wards his assistants. No great master ever possessed a more devoted band of assistants and fellow-workers than he did. And, indeed, it was one of the most marked evidences of his own admirable tact and judgment that he selected, with such undeviating correctness, the men best fitted to carry out his plans. The ability to accomplish great things, to carry grand ideas into practical effect, depends in no small measure on an intuitive knowledge of character, which Mr. Stephenson possessed in a remarkable degree. Thus, on the Liverpool and Manchester line, he secured the able services of Messrs. Vignolles and Locke; the latter had been his pupil, and had laid down for him several coal-lines in the North.” John Dixon, trained by him on the Stockton and Darlington Railway, afterwards ably carried out his views on the Canterbury and Whitstable, the Liverpool and Manchester, and the Chester Railways. Thomas Gooch was his able representative in superintending the execution of the formidable works of the Manchester and Leeds line. Swanwick on the North Midland, Birkenshaw on the Birmingham and Derby, and Cabrey on the York and North Midland, seconded him well and ably, and established their own reputation while they increased the engineering fame of their master. All these men, then comparatively young, became, in course of time, engineers of distinction, and were employed to conduct on their own account numerous railway enterprises of great magnitude. At the dinner at York, which followed the partial opening of the York and North Midland Railway, Mr. Stephenson, as was his wont, prominently acknowledged the merit of his engineering pupils and assistants, and accompanied the recognition with many encouragements drawn from his own life and experience. On this occasion he said, “he was sure they would appreciate his feelings when he told them, that when he first began railway business, his hair was black, although it was now grey; and that he began his life's labour as but a poor ploughboy. He was only eight years old when he went to work, and he had been labouring hard ever since. About thirty years since, he had applied himself to the study of how to generate high velocities by mechanical means. He thought he had solved that problem. But when he afterwards appeared before a Committee of Parliament, and stated that, in his opinion, a locomotive machine might, with safety, travel upon a railway at a speed of ten miles an hour, he was told that his evidence was not worth listening to. That, however, did not prevent him going forward with his plans, and they had for themselves seen, that day, what perseverance had brought him to. He was, on that occasion, only too happy to have an opportunity of acknowledging that he had, in the later portion of his career, received much most valuable assistance, particularly from young men brought up in his manufactory. Whenever talent showed itself in a young man, he had always given that talent encouragement where he could, and he would continue to do so.”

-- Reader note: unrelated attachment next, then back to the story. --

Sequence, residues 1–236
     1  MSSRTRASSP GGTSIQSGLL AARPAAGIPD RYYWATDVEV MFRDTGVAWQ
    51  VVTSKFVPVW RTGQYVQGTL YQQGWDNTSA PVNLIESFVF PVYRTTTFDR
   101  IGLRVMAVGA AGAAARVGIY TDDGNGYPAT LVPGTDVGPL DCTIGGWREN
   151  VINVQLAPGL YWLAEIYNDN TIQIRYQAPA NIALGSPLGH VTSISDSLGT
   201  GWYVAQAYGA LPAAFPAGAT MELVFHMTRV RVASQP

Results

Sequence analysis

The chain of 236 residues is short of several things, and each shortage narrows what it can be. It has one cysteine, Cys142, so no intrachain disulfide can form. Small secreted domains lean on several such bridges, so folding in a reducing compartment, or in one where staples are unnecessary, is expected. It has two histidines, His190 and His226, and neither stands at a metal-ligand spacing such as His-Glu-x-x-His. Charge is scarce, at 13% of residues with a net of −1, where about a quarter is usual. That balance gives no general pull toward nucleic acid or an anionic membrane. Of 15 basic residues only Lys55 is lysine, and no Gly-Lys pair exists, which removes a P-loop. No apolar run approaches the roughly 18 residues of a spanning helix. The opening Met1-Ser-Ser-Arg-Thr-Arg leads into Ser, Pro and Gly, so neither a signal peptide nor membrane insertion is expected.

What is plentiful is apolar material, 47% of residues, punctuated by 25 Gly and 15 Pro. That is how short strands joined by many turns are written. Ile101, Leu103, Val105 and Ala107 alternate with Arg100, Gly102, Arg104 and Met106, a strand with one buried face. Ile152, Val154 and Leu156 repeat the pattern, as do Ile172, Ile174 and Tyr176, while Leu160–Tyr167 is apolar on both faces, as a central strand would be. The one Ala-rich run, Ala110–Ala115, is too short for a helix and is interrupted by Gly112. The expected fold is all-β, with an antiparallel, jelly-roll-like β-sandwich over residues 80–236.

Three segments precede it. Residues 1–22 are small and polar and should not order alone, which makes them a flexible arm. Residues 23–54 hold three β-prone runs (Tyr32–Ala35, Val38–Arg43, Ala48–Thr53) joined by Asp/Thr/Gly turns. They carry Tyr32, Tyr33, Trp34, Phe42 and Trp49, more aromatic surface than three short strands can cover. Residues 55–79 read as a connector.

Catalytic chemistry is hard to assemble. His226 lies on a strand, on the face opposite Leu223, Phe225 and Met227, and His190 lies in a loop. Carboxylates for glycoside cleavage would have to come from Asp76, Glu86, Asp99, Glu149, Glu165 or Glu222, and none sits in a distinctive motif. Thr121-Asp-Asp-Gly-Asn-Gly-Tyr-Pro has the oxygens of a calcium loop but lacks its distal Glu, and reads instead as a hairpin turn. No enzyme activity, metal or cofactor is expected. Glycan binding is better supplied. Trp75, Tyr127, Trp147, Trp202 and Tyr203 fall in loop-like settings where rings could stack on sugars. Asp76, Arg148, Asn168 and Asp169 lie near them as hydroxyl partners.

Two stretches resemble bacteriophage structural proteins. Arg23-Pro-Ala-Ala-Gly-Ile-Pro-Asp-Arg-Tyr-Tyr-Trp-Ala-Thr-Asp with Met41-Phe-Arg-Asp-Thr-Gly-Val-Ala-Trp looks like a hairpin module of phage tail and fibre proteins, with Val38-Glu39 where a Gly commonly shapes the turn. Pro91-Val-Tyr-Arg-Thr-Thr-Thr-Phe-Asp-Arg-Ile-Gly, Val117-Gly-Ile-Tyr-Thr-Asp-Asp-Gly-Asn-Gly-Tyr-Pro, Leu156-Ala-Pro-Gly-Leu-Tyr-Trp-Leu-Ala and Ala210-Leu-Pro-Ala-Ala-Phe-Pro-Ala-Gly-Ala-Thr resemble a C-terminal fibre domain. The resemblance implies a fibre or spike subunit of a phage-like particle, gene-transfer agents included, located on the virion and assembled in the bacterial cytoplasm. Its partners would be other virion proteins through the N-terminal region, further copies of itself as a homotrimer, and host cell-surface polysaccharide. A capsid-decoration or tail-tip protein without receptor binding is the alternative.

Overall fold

* An unhappy difference afterwards occurred between Mr. Stephenson and Mr. Locke, on the latter being appointed the principal engineer of the Grand Junction Railway, during the progress of the works. Considerable personal feeling was thrown into the affair, which had no small influence upon the railway politics (so to speak) of the time ; and in determining the direction of the new lines of railway between Manchester and the South. The projectors of the Manchester and Birmingham Railway—a rival line to the Grand Junction—at once invited Mr. Stephenson to act as their engineer; and it was alleged that a personal feeling actuated him in the professional support which he gave to the undertaking. The declared object of the promoters, however, was to secure a more direct communication between Manchester and London than was afforded by the circuitous route rid Warrington, Mr. Crawshay, at one of their meetings, asserted, that he for one would never cease going to Parliament until they had got the nearest and best way to the metropolis. In like manner, the Trent Valley line, projected with the same object, had the strong support of the Manchester men: indeed, the project originated almost entirely with them.


That this was no exaggerated statement, is amply proved by facts which redound to Mr. Stephenson's credit. He was no niggard of encouragement and praise when he saw honest industry struggling for a footing. Many were the young men whom, in the course of his useful career, he took by the hand and led steadily up to honour and emolument, simply because he had noted their zeal, diligence, and integrity. One youth excited his interest while working as a common carpenter on the Liverpool and Manchester line; and before many years had passed, he was recognised as an engineer of distinction. Another young man he found industriously working away at his bye-hours, and, admiring his diligence, engaged him for his private secretary; the gentleman shortly after rising to a position of eminent influence and usefulness. Indeed, nothing gave Mr. Stephenson greater pleasure than in this way to help on any deserving youth who came under his observation, and, in his own expressive phrase, to “make a man of him.”